Watson was born into slavery and was likely of mixed-race ancestry, but the place and date of his birth are not recorded, nor are the names of his parents. Information about his life is very scarce. A politically hostile newspaper editor wrote in 1869 that Watson had burned a house in Lynchburg, after which he wasto a man in Boydton. What is known is that at the time of the Civil War, Watson belonged to a prominent Mecklenburg County lawyer, James J. Daly, and that he worked as a shoemaker in Boydton afterward. The same unfriendly newspaper reported in a brief obituary that Watson had a wife and five children, but their names are also not recorded. His name does not appear in the land or personal property tax records for the county.
Tradition has it that after freedom Watson assisted in forming schools andfor African Americans, and indeed, he was one of five trustees for the Freedmen’s School in Boydton who on December 26, 1868, purchased a small tract of land to be held in trust “(in behalf of the freedmen of Boydton, Va) for School purposes for Children irrespective of color forever.” In the spring of 1867, when Watson made a speech in a community where some freedpeople had acquired a small number of old muskets, he made a bad impression on the local agent of the Bureau of Refugees, Freedmen, and Abandoned Lands. The agent described him as an “ignorant and most violent fellow, who insists upon talking about what he does not understand & can’t, or wont, be made to comprehend the amount of harm he is doing … He is a bad man, but when charged with his petty offences against good order, denies all, & the freedmen fear to testify against him.” No documentation of his being detained or tried for any offense has been located in extant records.
On the other hand, a local newspaper editor printed two reports on speeches Watson gave that spring and complimented his ability and good sense. Watson had become relatively well known among the county’s freedpeople by then. In April 1867 he and three other men “mounted on fiery steeds, their white sashes flying, and batons in hand” led a thousand freedpeople through the streets of Boydton. The reference to sashes and batons suggests his leadership in a fraternal organization. Watson also had a prominent role in a biracial political conference in the county the following month, and on July 26, 1867, he was one of four men elected as delegates to represent Mecklenburg County at the Republican State Convention in August.
On October 22, 1867, in the first election in which African Americans voted in Virginia, Watson andwon election as the two delegates from Mecklenburg County to the convention called to write a new constitution for Virginia. Watson received 2,557 votes of African American men and 1 of a white man. Dodge received 17 fewer votes and their closest competitor received only 869 votes. The commanding general of the , John M. Schofield, described Watson as an illiterate but intelligent shoemaker and a good orator whose local popularity carried Dodge, a white candidate, into office with him.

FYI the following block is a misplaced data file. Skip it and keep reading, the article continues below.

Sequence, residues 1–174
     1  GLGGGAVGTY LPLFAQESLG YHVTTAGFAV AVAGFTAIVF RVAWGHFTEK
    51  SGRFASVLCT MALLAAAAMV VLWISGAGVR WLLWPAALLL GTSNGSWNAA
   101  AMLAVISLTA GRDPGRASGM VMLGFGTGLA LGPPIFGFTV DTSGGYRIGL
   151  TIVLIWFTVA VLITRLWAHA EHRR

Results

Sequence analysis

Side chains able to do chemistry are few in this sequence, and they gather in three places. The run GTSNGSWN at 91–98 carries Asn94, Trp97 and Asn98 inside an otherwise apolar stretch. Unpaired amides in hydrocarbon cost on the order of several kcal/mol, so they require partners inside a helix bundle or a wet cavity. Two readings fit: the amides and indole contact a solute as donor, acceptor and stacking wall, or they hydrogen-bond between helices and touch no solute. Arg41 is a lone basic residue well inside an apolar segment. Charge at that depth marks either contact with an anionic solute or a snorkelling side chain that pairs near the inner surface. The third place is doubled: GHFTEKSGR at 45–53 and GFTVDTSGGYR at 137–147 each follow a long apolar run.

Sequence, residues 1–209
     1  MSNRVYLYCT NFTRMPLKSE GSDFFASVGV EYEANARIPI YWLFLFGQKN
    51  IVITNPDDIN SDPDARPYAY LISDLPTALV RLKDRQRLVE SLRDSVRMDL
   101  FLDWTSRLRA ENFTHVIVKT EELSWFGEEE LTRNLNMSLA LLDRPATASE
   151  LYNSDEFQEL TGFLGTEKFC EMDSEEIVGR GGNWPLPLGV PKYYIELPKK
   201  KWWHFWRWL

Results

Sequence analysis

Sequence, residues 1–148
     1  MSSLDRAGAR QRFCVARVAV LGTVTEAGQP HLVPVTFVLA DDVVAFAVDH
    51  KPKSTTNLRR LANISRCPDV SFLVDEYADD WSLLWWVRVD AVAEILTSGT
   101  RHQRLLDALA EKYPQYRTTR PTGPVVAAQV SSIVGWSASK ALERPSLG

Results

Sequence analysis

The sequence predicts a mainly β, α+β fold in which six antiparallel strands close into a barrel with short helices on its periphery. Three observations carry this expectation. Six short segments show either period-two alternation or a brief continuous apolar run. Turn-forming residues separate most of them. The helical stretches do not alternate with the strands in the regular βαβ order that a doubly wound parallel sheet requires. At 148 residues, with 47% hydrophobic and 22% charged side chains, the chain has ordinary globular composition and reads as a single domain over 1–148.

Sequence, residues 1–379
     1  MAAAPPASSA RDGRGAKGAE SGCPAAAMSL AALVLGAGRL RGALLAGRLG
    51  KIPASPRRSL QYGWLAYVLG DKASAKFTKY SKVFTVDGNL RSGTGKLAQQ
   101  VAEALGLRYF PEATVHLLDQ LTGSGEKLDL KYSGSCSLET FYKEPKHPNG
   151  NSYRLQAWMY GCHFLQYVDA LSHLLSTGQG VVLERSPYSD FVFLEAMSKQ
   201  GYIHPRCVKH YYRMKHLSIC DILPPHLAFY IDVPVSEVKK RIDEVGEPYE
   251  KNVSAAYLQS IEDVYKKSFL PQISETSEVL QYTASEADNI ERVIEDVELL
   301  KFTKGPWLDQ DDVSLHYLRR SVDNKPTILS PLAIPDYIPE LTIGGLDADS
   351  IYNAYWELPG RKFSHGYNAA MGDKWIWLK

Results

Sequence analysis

The convention met in Richmond from December 3, 1867, to April 17, 1868. The president appointed Watson to the Committees on Elections, on the Legislative Department, and on Public Institutions, unusually good committee assignments for a man who could not read and had no prior public service experience. Watson voted for all the radical democratic reforms the new constitution included, and he introduced three resolutions. One asked that a committee prepare a memorial to Congress to reduce or eliminate the federal tax on tobacco, which he described as “injurious and oppressive to the agricultural and laboring interests of this Commonwealth.” Another asked that a recently adopted state fence law be enforced uniformly everywhere in Mecklenburg County to remove an “injury of the poor men” resulting from partial administration of the law. The third suggested inclusion in the new constitution of a provision “for securing to every family in this State the exemption from forced sale, for any debts contracted after the adoption of the constitution we are now framing, of a homestead not exceeding in value one thousand dollars.” Article XI Section 1 of the constitution as adopted contained a homestead clause that allowed people to secure from forced sale land or working tools to the value of $2,000. Watson signed for his convention wages and travel expenses with his mark.
Following the murder of fellow convention memberat the Charlotte County courthouse on May 3, 1869, Watson and several other African Americans spoke at a Republican meeting there. They were arrested and charged with inciting the county’s freedmen to violence against whites, a felony, but the charges were dropped in August on the order of General Schofield. In July 1869 Watson and Dodge easily won election with 67 percent of the vote to represent Mecklenburg County in the House of Delegates for a two-year term. In the short October session of the General Assembly, Watson voted for ratification of the Fourteenth and Fifteenth amendments to the Constitution, which Congress required before it admitted senators and representatives from Virginia to their seats. Watson died in a Richmond hotel on Monday evening, December 6, 1869, more than a month before the next regular session of the assembly. He was buried in an African American burying ground near Boydton.